It’s true there are the usual anomalies in the case, and conspiracists have pounced on them. Why did the manager of the Sofitel wait at least an hour to call the cops? Maybe because the victim was semi-coherent, maybe because the French-owned midtown hotel wanted to be doubly, triply sure that this was a bona fide assault by a very high profile guest or because previous policy had been to cover up such incidents.
How come the victim was instantly equipped with a fairly high profile lawyer, Jeffery Shapiro, described as a “close family friend”? Why were Diallo and her daughter living in a Bronx apartment building normally reserved for people with AIDS? Shapiro says neither Diallo nor her daughter are thus afflicted and that it was a sublet.
There are the usual contradictory testimonies. To one person encountering him after he had made what cameras indicate was a hasty exit from his suite, Strauss-Kahn seemed very flustered. Another remembers meeting a composed and relaxed Strauss-Kahn in the elevator.
But the prosecution’s basic case seems strong, particularly when you throw in the French women’s accusations, which Strauss-Kahn as presidential candidate was already trying to pre-empt. Hotel surveillance cameras confirm Diallo’s flight from the suite, then Strauss-Kahn’s hasty departure. No one has said her tearful accounts seemed unconvincing. Why would bankers or their agents pick a 32-year old poor Muslim widow to play such a role? And if they had mounted such a precarious set-up — why did the plotters allow Strauss-Kahn to have got clear away to JFK and onto a safe flight to Paris, until he made the mistake of calling the hotel to ask if he’d left anything behind?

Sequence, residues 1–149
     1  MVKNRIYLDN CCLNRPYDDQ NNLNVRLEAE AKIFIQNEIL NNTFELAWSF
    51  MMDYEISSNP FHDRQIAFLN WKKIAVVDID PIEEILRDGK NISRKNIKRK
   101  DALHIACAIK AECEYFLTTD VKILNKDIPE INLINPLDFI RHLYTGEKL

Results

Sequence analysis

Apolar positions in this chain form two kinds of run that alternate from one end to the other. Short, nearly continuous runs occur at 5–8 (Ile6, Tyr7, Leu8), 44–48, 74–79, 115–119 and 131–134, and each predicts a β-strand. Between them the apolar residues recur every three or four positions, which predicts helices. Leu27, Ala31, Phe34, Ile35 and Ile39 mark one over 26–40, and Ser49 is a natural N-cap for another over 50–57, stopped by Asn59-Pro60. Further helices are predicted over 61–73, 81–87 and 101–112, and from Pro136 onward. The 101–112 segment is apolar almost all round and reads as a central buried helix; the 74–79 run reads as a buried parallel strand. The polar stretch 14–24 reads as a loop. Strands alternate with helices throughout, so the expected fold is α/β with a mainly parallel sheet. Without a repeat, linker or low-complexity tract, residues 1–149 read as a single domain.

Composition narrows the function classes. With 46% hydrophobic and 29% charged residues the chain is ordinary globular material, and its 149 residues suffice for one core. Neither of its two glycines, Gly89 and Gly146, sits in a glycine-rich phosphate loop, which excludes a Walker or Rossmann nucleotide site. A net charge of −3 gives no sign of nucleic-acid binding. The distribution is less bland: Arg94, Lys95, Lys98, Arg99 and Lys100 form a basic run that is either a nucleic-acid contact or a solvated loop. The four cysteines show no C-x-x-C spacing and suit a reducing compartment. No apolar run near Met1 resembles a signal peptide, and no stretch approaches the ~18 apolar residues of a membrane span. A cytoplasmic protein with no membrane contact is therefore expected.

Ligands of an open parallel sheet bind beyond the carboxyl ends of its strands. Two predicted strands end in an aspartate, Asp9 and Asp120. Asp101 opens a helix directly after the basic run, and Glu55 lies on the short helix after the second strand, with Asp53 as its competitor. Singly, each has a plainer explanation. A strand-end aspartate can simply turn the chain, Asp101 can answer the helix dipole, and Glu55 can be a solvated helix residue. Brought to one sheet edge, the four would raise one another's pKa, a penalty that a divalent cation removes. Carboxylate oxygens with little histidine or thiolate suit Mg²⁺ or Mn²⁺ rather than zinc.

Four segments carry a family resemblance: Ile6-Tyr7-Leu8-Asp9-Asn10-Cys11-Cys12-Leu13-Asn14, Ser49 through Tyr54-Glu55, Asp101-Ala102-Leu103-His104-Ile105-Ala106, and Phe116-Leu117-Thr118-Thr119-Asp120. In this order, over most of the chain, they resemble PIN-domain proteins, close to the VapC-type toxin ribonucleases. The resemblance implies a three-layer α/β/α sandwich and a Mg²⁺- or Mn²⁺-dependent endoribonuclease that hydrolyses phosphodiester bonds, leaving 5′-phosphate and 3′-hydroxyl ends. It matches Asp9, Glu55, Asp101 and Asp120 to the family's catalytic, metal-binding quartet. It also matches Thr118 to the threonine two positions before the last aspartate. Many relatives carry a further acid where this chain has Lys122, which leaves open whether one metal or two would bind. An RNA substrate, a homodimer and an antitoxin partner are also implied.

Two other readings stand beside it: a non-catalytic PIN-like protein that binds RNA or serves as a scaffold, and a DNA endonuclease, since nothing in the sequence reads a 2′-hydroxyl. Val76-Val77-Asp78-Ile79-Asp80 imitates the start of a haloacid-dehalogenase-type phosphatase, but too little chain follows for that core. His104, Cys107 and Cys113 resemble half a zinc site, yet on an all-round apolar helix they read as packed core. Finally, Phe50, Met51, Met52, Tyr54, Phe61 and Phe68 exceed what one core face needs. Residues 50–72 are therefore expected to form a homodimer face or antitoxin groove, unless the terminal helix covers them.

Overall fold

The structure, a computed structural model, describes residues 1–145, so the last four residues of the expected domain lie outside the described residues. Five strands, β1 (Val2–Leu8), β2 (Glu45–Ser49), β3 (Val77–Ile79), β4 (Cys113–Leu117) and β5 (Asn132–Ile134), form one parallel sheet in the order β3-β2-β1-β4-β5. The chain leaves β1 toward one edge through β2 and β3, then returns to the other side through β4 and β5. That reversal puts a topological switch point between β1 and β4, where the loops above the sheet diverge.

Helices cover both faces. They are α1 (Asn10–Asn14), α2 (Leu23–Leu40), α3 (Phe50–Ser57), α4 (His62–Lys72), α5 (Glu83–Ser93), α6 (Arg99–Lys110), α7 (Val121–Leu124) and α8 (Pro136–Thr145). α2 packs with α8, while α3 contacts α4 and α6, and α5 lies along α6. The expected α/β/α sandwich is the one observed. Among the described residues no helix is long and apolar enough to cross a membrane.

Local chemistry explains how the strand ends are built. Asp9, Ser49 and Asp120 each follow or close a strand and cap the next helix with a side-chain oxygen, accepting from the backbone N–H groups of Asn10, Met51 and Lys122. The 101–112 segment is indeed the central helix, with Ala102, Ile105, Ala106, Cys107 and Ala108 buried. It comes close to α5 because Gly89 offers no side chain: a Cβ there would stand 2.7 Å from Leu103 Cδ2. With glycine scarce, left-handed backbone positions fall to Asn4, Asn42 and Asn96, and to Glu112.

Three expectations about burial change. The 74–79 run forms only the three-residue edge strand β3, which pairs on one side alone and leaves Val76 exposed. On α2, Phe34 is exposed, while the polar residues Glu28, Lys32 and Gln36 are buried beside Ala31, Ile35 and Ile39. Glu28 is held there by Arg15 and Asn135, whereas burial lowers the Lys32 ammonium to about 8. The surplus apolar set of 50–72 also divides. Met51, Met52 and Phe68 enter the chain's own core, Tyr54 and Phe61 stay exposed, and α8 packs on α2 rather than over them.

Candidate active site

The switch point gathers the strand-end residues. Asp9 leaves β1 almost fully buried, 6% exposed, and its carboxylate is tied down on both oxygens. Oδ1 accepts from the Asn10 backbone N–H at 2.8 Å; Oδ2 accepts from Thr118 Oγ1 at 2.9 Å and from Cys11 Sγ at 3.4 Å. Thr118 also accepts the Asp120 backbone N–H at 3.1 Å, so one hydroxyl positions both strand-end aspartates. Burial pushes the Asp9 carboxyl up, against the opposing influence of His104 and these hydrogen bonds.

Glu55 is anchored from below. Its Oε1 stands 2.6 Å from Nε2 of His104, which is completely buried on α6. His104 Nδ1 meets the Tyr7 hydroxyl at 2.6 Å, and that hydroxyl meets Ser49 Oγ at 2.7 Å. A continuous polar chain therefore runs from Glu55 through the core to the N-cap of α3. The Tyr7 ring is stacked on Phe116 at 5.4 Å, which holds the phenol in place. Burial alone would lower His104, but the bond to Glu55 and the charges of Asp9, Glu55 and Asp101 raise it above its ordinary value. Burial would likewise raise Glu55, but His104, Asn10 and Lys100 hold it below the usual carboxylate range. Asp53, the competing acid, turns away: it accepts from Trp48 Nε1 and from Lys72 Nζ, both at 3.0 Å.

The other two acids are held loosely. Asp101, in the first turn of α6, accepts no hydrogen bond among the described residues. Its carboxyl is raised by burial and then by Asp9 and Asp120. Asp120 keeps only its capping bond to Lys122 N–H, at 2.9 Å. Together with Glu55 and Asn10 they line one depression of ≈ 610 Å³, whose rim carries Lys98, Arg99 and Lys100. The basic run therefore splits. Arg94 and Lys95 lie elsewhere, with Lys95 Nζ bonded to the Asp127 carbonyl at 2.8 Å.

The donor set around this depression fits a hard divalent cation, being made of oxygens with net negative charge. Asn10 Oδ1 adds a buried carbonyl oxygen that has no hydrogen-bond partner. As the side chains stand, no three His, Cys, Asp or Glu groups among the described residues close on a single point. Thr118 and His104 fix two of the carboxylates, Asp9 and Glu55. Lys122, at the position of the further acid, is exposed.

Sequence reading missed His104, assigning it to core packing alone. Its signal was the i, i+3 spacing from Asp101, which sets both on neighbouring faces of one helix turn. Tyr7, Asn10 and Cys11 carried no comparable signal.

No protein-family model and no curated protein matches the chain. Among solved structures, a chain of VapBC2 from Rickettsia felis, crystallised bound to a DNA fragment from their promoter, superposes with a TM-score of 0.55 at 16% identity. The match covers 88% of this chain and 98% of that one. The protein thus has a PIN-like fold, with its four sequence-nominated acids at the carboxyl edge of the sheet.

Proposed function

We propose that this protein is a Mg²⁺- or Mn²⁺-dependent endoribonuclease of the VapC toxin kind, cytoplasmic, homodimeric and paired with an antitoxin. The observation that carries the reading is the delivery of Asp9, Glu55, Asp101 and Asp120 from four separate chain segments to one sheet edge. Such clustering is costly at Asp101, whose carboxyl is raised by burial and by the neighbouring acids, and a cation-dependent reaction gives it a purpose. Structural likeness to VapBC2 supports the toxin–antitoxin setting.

The newspaper Echos d’Afrique runs a column May 18 by Calixthe Beyala who repeats Bernard Debré’s charges and then writes:
“In the New York Sofitel are working many black women from Guinea. Some of them have been violated by the former IMF boss and these attacks have been suppressed by the hotel’s owners… As for the idea of a plot by Sarkozy, this is a total misunderstanding of the political situation in France. No matter what opponent, Sarkozy won’t win the next election. And just like Sarkozy, DSK was the candidate of the big financial lobbies and media powers, those who have only one aim — to reduce the Black to nothing and to pillage Africa!”
Maybe some high-up in the Sofitel hierarchy decided, when contacted for guidance by the hotel management that Saturday, that the time had come to stop covering up for Strauss-Kahn. Maybe Strauss-Kahn had phoned for a prostitute to fill in a boring half hour before lunch and Diallo arrived to clean the room at precisely the wrong moment. Maybe … Occam’s razor is still the rule: the simplest, most obvious explanation requiring the least extraneous oddities is preferable.
As a conspiracy it doesn’t look as though there’s much in the way of lift to keep it in the air in any sort of convincing shape. Strauss-Kahn belonged to the familiar phalanx of politically powerful men confident that they can get away with hitting on women, confident that either the women they’ve attacked won’t be believed or won’t dare to try to expose them. The collapse of Gov. Schwarzenegger’s marriage, amid disclosure of sensationally tacky behavior on Arnold’s part, after years of allegations about his assaults, isn’t helpful to Strauss-Kahn either.
We don’t even know the extent of the physical evidence yet, or the DNA traces from where Diallo says she spat out his semen after Strauss-Kahn forced his penis into her mouth. Strauss-Kahn has an expensive lawyer, already flirting with a “consensual” defense. These are early days. Bill Clinton must be reading the news stories amid a welter of emotion, recollected in tranquility, to borrow Wordsworth’s definition of the origin of poetry.
Alexander Cockburn can be reached at email@example.com.